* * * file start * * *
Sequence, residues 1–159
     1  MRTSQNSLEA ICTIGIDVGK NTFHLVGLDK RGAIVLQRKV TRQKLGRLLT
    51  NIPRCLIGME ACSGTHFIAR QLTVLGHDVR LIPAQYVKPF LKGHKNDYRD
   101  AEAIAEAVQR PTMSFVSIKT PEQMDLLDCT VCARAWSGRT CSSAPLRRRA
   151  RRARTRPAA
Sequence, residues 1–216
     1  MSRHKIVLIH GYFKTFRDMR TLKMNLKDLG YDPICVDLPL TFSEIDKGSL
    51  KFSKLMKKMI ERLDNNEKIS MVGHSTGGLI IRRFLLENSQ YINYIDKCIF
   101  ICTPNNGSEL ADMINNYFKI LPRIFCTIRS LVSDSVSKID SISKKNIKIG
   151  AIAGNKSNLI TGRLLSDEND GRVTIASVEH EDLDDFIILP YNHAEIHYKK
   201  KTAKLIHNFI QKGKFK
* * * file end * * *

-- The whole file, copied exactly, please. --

Sequence, residues 1–159
     1  MRTSQNSLEA ICTIGIDVGK NTFHLVGLDK RGAIVLQRKV TRQKLGRLLT
    51  NIPRCLIGME ACSGTHFIAR QLTVLGHDVR LIPAQYVKPF LKGHKNDYRD
   101  AEAIAEAVQR PTMSFVSIKT PEQMDLLDCT VCARAWSGRT CSSAPLRRRA
   151  RRARTRPAA
Sequence, residues 1–216
     1  MSRHKIVLIH GYFKTFRDMR TLKMNLKDLG YDPICVDLPL TFSEIDKGSL
    51  KFSKLMKKMI ERLDNNEKIS MVGHSTGGLI IRRFLLENSQ YINYIDKCIF
   101  ICTPNNGSEL ADMINNYFKI LPRIFCTIRS LVSDSVSKID SISKKNIKIG
   151  AIAGNKSNLI TGRLLSDEND GRVTIASVEH EDLDDFIILP YNHAEIHYKK
   201  KTAKLIHNFI QKGKFK